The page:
YEREVAN, Armenia — Armenia and Azerbaijan on Monday accused each other of attacks over the separatist territory of Nagorno-Karabakh despite a cease-fire deal brokered by Russia in an effort to end the worst outbreak of hostilities in the region in decades.
The cease-fire came into effect on Saturday, but was immediately challenged by mutual claims of violations that persisted throughout the weekend and continued on Monday morning.
Armenian Defense Ministry spokeswoman Shushan Stepanian said Monday that Azerbaijani forces were “intensively shelling the southern front” of the conflict zone. Nagorno-Karabakh officials said Azerbaijan was directing “large number of forces” to the area of Hadrut, a town in the south of the region, where “large-scale hostilities” were ongoing.
Azerbaijan’s Defense Ministry called accusations of directing forces to Hadrut “disinformation” and insisted that Azerbaijan was observing the cease-fire. The ministry in turn accused Armenian forces of shelling the Goranboy, Terter and Agdam regions of Azerbaijan that lie around Nagorno-Karabakh.
Armenian military officials also said that Nagorno-Karabakh forces shot down an Azerbaijani Su-25 warplane, a claim that Azerbaijan denied.
The recent bout of fighting between Azerbaijani and Armenian forces started Sept. 27 and has left hundreds of people dead in the biggest escalation of the decades-old conflict over Nagorno-Karabakh since a separatist war there ended in 1994. The region lies in Azerbaijan but has been under control of ethnic Armenian forces backed by Armenia.
If the Truce Holds, It Would Mark a Major Diplomatic Coup for Russia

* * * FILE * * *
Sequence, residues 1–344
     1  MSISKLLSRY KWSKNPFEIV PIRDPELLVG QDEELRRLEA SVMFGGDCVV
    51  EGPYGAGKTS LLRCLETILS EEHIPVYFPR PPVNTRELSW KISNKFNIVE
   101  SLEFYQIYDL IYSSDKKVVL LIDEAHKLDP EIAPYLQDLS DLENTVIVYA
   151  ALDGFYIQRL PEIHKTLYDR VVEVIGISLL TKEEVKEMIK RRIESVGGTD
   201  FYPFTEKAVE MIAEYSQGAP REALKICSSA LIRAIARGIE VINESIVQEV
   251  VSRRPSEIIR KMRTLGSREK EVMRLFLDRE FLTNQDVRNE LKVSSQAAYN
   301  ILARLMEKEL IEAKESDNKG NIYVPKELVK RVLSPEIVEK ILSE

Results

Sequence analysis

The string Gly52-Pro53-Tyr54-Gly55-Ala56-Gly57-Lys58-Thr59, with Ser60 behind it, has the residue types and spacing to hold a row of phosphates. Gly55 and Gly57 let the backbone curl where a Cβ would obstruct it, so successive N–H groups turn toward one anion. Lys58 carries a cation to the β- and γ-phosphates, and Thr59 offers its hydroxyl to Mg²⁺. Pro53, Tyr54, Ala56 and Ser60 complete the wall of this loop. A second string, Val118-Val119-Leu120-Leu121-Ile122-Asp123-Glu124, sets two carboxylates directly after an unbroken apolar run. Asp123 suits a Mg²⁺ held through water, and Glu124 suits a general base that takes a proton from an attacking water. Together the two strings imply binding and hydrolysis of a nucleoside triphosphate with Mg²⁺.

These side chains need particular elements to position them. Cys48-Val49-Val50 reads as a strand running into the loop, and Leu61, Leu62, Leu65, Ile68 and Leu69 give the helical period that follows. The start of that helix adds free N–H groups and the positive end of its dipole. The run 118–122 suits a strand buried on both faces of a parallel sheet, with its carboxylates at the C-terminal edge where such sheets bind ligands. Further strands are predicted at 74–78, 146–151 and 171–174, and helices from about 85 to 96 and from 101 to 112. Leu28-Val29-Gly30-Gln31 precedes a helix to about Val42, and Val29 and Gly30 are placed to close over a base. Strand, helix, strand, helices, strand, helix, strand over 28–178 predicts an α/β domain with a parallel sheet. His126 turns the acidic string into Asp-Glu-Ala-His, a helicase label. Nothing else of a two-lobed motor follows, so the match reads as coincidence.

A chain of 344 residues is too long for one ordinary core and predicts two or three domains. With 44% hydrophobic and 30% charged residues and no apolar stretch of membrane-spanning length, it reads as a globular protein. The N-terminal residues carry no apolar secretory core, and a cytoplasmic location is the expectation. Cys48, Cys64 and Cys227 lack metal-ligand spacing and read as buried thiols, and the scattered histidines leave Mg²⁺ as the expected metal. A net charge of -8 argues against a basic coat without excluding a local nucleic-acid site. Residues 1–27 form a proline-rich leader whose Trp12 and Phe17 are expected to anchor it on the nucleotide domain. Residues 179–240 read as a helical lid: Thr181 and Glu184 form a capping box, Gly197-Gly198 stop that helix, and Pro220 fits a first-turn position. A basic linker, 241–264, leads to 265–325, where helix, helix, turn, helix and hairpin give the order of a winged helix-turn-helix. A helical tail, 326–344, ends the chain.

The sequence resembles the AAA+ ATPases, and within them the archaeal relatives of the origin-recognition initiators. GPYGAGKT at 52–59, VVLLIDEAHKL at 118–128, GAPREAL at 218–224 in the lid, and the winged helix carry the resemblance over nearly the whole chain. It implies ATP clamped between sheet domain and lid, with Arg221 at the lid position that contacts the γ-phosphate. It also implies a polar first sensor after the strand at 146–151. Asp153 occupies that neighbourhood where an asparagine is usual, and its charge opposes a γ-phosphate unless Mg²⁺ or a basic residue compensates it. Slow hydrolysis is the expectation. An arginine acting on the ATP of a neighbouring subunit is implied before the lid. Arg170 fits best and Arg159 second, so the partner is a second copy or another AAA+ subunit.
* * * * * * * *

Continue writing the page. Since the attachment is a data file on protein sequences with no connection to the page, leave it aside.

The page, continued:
The foreign ministers of Armenia and Azerbaijan signed a truce in Moscow after Russian President Vladimir Putin had brokered it in a series of calls with Azerbaijani President Ilham Aliyev and Armenian Prime Minister Nikol Pashinian.
The cease-fire took effect at noon Saturday, after talks in Moscow that were sponsored by Russian Foreign Minister Sergey Lavrov. The deal stipulated that the cease-fire should pave the way for talks on settling the conflict.
If the truce holds, it would mark a major diplomatic coup for Russia, which has a security pact with Armenia but has also cultivated warm ties with Azerbaijan. But so far the agreement “is not being adhered to in full, and hostilities continue,” Lavrov said Monday at a meeting with his Armenian counterpart.
Both Armenia and Azerbaijan on Monday reiterated their commitment to the cease-fire deal and accused each other of violating it.
Residents of Stepanakert, Nagorno-Karabakh’s capital which came under intense shelling last week, told The Associated Press on Monday it didn’t feel like a truce to them.
“We do not feel the cease-fire at all. We do not get out from here to our flats,” Larisa Azeryan, who has been staying in a shelter in the basement of an apartment building, told the AP. “We all stay here, we eat here, sleep here. The whole day is spent here in the basement.”